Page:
Clearing the way for Ironton#039;s future

Published 12:00 am Thursday, July 17, 2003

Tribune editorial staff

As Honeywell continues to demolish buildings on its property on South Third Street, some Ironton residents may look at it with pessimistic eyes.

"There goes another business," some may say as they watch the buildings being razed. We, however, like to look at it with more of a "glass is half-full" viewpoint.

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Yes, it is a shame that Honeywell was not able to remain a part of our community. However, as the time changes, so does our scenery. Few can argue that relying on heavy industry as the backbone of an area's economy is not a thing of the past.

As the Honeywell buildings continue to come down in coming weeks, think of it as the city wiping the slate clean - opening up an area for future development. Some may ask "what good is that doing us now?" But, as the old adage goes, "good things come to those who wait."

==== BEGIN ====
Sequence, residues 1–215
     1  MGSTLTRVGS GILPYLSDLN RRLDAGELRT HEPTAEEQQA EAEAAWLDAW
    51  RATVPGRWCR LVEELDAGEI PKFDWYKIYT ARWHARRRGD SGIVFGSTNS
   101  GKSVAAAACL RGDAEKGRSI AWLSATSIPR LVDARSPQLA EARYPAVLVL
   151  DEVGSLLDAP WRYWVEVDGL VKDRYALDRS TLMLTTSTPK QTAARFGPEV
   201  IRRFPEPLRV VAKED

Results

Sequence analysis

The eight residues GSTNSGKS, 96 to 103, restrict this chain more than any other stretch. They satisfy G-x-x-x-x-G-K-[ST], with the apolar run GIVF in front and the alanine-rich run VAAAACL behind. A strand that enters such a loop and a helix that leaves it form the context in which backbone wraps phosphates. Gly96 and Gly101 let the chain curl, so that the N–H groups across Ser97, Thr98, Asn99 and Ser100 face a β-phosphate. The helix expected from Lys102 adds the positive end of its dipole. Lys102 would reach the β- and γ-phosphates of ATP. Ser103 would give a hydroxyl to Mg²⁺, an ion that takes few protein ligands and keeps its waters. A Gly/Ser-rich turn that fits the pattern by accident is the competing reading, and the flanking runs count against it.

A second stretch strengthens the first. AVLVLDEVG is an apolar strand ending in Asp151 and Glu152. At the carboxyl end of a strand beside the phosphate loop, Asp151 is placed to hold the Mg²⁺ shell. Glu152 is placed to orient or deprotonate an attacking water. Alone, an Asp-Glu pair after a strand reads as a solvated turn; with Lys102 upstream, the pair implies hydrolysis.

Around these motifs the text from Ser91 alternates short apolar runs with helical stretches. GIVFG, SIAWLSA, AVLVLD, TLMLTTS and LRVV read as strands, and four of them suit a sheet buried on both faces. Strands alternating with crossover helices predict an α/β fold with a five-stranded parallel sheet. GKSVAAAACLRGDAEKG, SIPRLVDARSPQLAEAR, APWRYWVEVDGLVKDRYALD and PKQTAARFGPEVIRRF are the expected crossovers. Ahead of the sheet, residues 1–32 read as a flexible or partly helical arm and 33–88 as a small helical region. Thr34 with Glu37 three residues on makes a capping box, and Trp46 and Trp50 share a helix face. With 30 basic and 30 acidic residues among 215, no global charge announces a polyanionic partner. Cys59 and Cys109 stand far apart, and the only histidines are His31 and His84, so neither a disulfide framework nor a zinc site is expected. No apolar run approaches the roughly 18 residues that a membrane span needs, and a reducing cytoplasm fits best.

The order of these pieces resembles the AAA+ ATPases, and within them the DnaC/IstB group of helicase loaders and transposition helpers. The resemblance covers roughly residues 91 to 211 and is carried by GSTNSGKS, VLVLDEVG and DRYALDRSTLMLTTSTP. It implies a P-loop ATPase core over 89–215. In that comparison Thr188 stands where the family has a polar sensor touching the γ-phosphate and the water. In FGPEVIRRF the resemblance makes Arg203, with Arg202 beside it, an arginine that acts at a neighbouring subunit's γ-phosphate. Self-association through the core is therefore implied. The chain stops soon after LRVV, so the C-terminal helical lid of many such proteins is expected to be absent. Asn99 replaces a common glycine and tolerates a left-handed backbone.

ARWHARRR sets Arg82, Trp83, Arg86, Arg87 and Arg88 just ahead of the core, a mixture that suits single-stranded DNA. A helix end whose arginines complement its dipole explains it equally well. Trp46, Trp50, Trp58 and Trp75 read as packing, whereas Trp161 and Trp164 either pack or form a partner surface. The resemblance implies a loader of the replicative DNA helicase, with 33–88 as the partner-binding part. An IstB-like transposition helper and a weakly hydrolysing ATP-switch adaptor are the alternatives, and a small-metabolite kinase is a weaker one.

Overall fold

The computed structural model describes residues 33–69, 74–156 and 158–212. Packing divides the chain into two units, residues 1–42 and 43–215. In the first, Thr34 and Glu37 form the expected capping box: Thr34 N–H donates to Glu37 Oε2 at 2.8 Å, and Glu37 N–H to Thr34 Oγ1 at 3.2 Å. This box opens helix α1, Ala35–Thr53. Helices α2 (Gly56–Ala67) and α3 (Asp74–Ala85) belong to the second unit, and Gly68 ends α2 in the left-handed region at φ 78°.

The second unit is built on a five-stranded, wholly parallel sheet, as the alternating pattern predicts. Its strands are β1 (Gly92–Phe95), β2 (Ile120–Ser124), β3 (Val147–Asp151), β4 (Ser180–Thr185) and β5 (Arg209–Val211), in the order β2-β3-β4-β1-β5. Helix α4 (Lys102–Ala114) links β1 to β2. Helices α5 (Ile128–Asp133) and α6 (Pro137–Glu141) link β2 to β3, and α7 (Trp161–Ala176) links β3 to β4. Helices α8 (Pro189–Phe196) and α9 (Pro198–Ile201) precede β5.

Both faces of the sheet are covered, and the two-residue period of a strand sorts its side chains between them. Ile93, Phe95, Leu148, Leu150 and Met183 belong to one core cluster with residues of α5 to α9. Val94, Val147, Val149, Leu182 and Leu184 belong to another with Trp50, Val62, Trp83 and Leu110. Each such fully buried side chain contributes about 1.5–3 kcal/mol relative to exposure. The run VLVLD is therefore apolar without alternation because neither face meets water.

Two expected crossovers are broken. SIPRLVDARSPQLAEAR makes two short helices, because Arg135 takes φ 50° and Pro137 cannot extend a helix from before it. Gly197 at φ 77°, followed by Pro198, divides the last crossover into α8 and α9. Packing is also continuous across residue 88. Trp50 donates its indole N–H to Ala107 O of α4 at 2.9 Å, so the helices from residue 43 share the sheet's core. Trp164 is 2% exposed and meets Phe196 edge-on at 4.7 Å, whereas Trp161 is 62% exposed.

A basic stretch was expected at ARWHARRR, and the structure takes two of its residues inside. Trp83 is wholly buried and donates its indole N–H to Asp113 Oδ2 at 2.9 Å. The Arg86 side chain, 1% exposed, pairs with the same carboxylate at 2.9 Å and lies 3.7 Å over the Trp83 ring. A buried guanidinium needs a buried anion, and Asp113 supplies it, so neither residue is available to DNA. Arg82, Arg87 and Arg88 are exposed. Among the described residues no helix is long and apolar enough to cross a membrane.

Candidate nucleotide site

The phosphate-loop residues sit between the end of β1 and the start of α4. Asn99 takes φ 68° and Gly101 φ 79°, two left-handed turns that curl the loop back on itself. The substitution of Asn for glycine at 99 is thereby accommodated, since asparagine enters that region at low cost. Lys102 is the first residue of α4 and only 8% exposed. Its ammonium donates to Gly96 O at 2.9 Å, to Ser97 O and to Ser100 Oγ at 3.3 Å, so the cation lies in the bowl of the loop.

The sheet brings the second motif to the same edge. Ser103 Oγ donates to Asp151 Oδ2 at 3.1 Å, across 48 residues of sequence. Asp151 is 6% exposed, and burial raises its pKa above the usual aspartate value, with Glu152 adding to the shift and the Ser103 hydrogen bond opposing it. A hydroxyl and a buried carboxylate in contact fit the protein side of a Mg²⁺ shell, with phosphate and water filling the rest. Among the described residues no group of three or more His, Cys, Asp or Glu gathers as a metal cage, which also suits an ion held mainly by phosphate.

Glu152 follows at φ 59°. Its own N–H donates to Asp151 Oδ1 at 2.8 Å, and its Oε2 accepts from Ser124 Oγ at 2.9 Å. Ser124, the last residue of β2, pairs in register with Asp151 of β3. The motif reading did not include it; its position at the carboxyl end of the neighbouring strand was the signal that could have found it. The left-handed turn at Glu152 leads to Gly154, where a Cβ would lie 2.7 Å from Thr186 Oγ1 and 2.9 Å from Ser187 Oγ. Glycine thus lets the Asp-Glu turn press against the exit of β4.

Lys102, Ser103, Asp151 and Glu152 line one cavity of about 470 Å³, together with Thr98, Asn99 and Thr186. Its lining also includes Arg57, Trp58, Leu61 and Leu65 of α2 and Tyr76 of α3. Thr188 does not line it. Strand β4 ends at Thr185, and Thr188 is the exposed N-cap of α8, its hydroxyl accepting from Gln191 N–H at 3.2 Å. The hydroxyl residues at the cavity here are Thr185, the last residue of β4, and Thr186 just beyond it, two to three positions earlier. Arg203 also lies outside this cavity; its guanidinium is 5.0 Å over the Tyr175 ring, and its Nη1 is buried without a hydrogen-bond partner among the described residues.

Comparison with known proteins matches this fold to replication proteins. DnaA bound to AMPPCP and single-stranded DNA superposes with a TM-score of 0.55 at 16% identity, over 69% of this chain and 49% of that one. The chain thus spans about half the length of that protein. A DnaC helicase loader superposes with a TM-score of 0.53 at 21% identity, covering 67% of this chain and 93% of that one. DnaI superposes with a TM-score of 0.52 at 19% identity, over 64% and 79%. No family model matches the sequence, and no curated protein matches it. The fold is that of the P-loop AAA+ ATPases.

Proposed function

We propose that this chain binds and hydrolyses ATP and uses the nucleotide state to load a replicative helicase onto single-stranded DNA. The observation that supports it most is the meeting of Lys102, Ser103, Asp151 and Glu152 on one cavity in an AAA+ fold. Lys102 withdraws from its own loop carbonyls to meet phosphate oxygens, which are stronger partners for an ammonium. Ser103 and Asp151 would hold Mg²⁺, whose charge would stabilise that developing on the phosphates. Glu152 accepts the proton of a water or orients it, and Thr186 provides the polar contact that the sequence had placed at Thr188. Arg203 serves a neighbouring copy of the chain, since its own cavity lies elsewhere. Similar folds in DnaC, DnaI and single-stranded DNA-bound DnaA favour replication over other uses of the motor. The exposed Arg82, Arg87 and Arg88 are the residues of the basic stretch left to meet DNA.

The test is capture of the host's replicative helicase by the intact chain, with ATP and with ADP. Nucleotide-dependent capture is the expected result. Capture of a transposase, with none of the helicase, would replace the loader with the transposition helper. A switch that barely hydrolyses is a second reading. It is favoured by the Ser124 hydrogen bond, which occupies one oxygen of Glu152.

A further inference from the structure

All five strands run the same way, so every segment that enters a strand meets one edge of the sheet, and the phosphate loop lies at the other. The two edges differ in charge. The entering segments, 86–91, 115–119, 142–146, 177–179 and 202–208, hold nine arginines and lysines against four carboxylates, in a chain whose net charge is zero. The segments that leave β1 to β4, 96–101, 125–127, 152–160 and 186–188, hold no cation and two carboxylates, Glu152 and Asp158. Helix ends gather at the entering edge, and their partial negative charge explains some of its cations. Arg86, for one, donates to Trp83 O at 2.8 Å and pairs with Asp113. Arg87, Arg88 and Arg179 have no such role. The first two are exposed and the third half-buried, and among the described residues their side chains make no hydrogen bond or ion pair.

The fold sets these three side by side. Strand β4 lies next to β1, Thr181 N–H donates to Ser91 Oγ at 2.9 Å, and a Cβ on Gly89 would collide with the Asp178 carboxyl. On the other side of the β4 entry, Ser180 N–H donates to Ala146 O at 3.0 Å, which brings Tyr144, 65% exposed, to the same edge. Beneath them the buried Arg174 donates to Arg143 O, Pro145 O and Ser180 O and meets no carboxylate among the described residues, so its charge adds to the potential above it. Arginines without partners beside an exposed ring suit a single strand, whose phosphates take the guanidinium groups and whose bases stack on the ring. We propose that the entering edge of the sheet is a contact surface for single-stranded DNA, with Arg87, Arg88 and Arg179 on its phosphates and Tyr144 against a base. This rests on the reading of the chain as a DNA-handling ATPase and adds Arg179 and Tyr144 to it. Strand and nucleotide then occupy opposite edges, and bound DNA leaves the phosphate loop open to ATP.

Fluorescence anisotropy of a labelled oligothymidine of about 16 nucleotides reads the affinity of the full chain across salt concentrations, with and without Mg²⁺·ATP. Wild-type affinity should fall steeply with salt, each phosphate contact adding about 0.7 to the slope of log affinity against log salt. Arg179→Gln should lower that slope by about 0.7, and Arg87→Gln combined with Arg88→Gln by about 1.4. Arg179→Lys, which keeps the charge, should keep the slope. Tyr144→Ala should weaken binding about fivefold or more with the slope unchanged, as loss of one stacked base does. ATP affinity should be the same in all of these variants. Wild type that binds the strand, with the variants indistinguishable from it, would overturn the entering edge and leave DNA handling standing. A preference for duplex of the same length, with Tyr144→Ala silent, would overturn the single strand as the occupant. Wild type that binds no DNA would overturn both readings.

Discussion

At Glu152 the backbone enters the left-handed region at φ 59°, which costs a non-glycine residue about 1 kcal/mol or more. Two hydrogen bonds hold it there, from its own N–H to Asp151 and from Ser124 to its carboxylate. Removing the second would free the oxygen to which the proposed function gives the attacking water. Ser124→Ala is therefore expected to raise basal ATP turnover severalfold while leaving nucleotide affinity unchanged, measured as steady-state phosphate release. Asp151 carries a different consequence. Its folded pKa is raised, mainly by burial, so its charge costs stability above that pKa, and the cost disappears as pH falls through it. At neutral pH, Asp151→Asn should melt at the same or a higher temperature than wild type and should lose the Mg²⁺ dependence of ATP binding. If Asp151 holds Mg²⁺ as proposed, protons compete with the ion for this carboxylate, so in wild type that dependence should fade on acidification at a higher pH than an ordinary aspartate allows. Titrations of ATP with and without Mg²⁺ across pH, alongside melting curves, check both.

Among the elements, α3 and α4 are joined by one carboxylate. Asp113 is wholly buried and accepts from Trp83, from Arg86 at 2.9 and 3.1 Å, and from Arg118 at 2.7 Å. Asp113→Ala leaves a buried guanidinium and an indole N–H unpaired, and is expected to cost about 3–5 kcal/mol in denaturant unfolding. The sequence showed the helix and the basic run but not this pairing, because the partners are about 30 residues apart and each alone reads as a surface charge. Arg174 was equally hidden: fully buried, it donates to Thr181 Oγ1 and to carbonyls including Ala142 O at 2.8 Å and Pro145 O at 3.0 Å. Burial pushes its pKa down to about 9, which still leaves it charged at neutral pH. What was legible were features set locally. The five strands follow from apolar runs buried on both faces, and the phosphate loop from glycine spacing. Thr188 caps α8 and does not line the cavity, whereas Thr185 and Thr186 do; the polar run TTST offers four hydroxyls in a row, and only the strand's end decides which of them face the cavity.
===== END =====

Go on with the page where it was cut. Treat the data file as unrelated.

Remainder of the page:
What is key, though, is the leadership of Ironton and Lawrence County. With a clean slate, a new blueprint needs to be drawn to lead us to economic prosperity. Once the land is cleared, we have to market the property to businesses that can help guide our area back on the right track.

What we cannot do, however, is sit on our hands and watch the property remain vacant. As with the former Ironton Iron property, city and economic leaders have to take a proactive approach to luring businesses to the city.

Ironton has a lot to offer prospective businesses. We are situated in an area where you do not have to drive far to get what you need. Just about anything you could ask for is within a half hour's drive.

And, as the city's economic base grows, so will the city. Once jobs begin coming back to Ironton, chances are stores, restaurants, hotels and, perhaps even a hospital, will follow.

So as you witness the Honeywell property being cleared, close your eyes for a few minutes and envision what the area may look like in 10 years or so. If our leaders are aggressive, we feel the sky is the limit.